Priming negative Black stereotypes can have profound effects on perceptions, cognitions and affective reactions towards novel Black category members, particularly when one’s motivation to not be prejudiced is derived from external factors (EMNP; Amodio, Devine, & Harmon-Jones, 2008). Little is known however about how motivational states interact with context to affect consequences of cognitive processes, such as memory for novel in-group and out-group faces. Stimuli that are either negatively-valenced or semantically-congruent with the context produce better subsequent memory, so people with a heightened susceptibility to negative Black stereotypes (high EMNP), may demonstrate better memory for novel Black faces when placed in a context that primes these stereotypes. To test this hypothesis, two studies presented White participants with subliminal and supraliminal images of White and Black faces while manipulating affective and stereotypic aspects of the context via exposure to violent misogynistic rap (VMR), nonviolent rap, or death metal. Study 1 revealed that individuals high in EMNP exhibited enhanced recognition memory for subliminally-presented Black faces on a surprise memory test only when they were exposed to VMR during encoding. An additional fMRI study, which used a similar paradigm, revealed activation in brain regions critical for memory processing (e.g., the hippocampus) unique to subliminally-presented Black faces in VMR. Hippocampus activity in turn was positively correlated with EMNP only. Together, these findings suggest that externally-derived motivations may differentially affect processing of outgroup-members, specifically when they are encountered in a context that makes negative stereotypes salient.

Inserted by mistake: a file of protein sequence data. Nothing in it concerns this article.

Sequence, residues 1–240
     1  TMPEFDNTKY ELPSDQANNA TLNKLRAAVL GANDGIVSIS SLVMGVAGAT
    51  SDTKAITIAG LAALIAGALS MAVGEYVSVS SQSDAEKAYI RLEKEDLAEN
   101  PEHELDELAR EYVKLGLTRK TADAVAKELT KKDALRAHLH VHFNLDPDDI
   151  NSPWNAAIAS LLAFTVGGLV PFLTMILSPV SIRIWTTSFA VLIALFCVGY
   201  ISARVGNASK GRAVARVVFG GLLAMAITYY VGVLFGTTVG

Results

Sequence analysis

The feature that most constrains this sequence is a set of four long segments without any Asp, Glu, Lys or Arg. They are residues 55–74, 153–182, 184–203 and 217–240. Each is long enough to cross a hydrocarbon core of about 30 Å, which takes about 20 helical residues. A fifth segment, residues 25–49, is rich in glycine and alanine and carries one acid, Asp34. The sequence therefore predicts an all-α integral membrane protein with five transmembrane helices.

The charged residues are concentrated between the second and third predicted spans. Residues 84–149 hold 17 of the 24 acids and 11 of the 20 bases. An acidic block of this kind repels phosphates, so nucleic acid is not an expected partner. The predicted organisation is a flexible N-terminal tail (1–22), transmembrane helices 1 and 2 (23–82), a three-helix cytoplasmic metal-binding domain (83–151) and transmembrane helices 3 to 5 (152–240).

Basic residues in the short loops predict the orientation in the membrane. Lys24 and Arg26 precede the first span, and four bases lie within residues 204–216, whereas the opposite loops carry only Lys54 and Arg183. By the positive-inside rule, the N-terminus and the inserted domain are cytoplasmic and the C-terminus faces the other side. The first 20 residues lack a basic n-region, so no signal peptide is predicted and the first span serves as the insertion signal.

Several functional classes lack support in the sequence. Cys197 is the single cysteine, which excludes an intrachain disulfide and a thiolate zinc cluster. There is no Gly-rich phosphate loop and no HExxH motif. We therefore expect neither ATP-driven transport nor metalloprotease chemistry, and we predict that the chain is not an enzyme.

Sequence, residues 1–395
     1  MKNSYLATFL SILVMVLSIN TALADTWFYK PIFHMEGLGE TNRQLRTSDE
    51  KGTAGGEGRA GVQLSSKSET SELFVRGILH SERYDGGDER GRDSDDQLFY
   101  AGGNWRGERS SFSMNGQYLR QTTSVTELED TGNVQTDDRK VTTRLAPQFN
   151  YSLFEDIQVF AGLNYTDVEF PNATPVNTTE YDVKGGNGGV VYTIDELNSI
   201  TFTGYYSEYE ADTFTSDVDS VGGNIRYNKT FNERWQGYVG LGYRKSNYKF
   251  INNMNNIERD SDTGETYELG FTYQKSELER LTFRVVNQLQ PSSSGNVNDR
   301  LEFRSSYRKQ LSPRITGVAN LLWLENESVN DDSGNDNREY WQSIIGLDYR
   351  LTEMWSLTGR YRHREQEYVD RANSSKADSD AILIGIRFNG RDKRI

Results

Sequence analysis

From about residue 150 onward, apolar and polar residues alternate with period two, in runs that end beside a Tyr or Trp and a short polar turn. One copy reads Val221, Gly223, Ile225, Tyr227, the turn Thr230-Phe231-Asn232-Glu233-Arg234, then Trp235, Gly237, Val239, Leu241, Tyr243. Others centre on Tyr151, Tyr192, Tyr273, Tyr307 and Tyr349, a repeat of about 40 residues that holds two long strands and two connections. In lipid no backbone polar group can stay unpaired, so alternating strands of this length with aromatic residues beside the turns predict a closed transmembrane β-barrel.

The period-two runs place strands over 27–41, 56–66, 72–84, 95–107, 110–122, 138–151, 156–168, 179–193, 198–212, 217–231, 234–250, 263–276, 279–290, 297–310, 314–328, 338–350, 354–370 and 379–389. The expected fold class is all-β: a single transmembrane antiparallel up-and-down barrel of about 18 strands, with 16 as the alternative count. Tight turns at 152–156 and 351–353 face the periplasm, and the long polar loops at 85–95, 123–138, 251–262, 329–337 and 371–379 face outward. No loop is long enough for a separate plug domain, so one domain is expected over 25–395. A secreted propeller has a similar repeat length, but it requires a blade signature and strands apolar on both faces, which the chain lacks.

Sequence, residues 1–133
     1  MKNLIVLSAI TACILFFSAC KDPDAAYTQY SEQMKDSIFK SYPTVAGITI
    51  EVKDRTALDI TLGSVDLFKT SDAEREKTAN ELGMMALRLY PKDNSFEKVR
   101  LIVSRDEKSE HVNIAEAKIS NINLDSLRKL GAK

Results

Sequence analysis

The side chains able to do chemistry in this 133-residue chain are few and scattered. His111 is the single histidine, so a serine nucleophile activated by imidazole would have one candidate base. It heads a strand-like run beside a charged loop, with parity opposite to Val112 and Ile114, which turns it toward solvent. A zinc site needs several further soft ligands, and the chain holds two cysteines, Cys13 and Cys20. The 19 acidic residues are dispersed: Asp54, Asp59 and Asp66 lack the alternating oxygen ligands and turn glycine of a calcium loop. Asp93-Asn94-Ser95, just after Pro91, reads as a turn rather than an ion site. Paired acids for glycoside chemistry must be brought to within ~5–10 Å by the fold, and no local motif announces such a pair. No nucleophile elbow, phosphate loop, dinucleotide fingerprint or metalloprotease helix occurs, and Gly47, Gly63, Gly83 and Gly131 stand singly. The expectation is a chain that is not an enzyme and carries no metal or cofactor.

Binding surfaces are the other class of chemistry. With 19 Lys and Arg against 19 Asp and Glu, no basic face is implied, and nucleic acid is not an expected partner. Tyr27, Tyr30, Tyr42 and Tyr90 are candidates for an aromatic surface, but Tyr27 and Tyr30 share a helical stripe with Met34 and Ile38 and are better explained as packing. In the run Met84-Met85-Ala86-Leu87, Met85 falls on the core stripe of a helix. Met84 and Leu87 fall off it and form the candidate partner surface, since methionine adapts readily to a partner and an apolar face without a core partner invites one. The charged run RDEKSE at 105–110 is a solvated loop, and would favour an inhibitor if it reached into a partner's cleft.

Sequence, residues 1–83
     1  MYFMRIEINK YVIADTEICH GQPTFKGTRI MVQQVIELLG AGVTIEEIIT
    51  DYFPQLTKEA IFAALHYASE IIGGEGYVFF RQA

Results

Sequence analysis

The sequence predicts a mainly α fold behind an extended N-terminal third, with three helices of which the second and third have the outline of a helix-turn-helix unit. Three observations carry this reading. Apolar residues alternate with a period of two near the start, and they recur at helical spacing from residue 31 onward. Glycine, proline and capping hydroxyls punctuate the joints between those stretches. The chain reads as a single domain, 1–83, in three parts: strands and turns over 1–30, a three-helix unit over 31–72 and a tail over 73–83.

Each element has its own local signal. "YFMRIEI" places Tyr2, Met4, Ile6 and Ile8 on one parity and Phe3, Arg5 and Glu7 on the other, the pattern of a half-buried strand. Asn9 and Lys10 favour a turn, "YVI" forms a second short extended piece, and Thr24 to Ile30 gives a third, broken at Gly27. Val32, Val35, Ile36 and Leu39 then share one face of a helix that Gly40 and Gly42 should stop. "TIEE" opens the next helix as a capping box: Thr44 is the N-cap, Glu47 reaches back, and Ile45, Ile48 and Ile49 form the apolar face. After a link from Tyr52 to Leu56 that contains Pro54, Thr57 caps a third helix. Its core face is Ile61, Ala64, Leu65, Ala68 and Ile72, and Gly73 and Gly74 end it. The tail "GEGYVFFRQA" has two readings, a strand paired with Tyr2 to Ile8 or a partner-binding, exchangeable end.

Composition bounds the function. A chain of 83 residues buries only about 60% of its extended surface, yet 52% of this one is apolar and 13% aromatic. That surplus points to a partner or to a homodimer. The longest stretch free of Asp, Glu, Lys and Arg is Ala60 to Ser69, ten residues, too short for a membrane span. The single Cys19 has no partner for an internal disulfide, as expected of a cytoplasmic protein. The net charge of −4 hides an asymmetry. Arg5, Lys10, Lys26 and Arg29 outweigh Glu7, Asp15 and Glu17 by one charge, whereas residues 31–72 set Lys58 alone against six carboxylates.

Date:Friday, May 11, 2012 - 2:30pm - 4:00pm